• After surgery: anesthetists reverse the effects of the anesthetic medications and return the patient to consciousness. They keep the patient in a comfortable state during recovery and are involved in providing critical care medicine in the intensive care unit.

There is no single or right amount of anesthesia for all patients. Every anesthetic must be tailored to the individual and to the operation or procedure that the person is having. Individuals have different responses to anesthesia. Some of these differences are genetic and some differences are due to changes in health or illness. The amount of anesthesia needed can differ according to such things as age, weight, gender, medications being taken or specific illnesses (such as heart or brain conditions).

Among the things the anesthetist measures or observes, and uses to guide the type and amount of anesthetic given are: heart rate and rhythm, blood pressure, breathing rate or pattern, oxygen and carbon dioxide levels and exhaled anesthetic concentration. Because every patient is unique, the anesthetist must carefully adjust anesthetic levels for each individual patient.

You shouldn’t really.

If you smoke and you’re scheduled for surgery, anesthetists recommend you take immediate steps to quit and remain smoke-free until at least one week following your procedure—or indefinitely. Quitting smoking is one of the best things you can do to recover from surgery without complications. People who smoke have an increased chance of complications during and after surgery, including wound infections, pneumonia and heart attacks. The earlier you quit smoking before surgery, the lower your chances of complications.

It is recommended that you have someone stay with you for the first 24 hours. Make arrangements for a ride or for someone to transport you safely home. Every case is different, please consult with your anesthetist.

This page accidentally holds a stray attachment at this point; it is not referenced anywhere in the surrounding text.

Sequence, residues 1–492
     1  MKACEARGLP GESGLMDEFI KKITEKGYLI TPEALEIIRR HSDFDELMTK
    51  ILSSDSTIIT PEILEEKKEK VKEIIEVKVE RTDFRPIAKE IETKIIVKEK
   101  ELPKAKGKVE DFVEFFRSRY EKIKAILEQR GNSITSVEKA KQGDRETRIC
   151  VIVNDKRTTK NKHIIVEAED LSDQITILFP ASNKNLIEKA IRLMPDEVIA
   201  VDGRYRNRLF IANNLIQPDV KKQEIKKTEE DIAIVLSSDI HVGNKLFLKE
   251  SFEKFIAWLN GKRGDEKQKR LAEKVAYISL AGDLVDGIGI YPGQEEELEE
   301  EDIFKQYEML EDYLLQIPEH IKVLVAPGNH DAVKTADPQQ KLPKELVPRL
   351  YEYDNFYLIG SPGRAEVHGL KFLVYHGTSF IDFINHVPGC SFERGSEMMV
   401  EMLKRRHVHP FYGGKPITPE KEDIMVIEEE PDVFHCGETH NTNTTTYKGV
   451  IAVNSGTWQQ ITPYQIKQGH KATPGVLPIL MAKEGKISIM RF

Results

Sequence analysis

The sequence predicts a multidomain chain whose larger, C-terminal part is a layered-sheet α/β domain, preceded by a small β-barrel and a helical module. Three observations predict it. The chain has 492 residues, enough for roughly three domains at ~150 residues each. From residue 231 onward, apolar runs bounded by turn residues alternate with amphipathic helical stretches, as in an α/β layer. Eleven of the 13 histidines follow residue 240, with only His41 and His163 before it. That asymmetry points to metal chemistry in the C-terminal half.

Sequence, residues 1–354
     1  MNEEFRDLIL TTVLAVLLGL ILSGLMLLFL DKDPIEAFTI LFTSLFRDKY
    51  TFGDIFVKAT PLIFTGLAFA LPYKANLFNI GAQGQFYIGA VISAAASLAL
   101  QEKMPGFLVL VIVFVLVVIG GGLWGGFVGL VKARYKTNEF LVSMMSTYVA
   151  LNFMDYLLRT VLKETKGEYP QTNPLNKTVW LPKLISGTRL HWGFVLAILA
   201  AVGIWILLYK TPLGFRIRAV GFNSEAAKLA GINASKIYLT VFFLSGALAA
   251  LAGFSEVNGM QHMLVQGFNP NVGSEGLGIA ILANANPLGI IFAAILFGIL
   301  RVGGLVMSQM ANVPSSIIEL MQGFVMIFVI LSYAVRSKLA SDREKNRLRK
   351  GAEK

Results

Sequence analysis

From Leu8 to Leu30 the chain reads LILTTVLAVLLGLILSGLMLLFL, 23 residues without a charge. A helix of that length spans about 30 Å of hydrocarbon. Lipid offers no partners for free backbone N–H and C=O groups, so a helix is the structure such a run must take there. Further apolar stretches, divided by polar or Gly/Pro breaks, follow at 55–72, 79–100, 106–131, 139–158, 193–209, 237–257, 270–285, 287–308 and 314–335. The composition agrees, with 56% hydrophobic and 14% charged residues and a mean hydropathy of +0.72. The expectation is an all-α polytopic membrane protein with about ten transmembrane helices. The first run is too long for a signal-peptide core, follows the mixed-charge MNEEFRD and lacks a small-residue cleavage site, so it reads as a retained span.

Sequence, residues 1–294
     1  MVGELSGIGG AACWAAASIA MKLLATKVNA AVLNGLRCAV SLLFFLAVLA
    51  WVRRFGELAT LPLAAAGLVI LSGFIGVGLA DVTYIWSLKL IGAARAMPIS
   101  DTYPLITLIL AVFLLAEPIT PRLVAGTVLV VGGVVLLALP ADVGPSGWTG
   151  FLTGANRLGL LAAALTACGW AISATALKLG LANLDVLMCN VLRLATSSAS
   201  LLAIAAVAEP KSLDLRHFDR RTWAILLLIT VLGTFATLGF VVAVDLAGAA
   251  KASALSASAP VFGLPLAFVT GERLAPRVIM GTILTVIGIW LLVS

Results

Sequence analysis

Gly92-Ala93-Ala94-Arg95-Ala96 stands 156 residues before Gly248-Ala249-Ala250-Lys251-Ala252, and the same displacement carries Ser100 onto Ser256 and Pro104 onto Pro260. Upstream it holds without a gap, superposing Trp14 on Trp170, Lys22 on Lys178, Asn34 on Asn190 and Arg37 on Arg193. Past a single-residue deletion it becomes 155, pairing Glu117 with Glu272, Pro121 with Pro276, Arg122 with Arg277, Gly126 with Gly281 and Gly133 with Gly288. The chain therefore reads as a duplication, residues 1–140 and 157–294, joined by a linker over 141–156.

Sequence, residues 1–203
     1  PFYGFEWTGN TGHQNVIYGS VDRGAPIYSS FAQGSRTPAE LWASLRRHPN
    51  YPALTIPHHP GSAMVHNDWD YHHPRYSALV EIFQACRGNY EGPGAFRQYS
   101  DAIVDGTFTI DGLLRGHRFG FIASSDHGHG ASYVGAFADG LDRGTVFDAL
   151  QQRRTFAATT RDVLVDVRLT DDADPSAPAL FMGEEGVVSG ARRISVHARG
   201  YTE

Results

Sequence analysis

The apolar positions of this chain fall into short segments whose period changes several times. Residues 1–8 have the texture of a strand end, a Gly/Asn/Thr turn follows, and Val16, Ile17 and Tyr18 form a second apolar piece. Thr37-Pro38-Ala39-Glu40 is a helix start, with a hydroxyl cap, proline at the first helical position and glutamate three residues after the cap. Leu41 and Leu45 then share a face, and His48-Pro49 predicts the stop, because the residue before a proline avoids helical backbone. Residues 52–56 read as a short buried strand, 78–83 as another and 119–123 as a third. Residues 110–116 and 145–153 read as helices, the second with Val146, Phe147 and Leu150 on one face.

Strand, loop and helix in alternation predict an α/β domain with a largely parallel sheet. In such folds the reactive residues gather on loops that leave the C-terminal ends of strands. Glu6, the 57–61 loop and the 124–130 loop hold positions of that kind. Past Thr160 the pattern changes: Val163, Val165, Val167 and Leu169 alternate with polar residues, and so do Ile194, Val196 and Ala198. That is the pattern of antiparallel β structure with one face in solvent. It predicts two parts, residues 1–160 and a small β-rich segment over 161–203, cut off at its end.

After a general anesthetic (an anesthetic which you fall asleep and lose consciousness), for most cases, you will be awake within minutes after surgery and spend approximately an hour in the recovery room. During that first hour, we will be intensely monitoring your vital signs and making sure you are safe and comfortable.

If you had a nerve block placed for post-op pain control (this is done during surgery), that portion of your anesthetic will typically last 24-36 hours (which is usually the most painful period in recovery). Be sure to take a dose of pain medicine as directed by your physician before your nerve block completely wears off. You will know that your nerve block is starting to wear off when you have the sensation of your operative body part tingling (like when you have slept on your arm or leg in an awkward position and it awakens you with that same tingling sensation). If you have not taken any pain medicine before going to bed that first night after your surgery, please take a dose at bedtime in case the nerve block wears off during your sleep.

Continue regular exercise and eat healthy diet. The key is to maintain a healthy lifestyle. Don’t smoke. Don’t make any sudden changes to your lifestyle where your physiology/body may be in recovery.

Side effects of anesthesia can occur during a surgery or procedure, or afterward when you are recovering and the anesthesia is wearing off. The possible side effects vary, depending on what kind of anesthesia you have: general (sedation provided through inhaled or intravenous – IV – medications), regional (numbing only part of your body, usually below the waist) or local (numbing a small area). While some side effects that occur after surgery may be uncomfortable or frustrating, most don’t last long.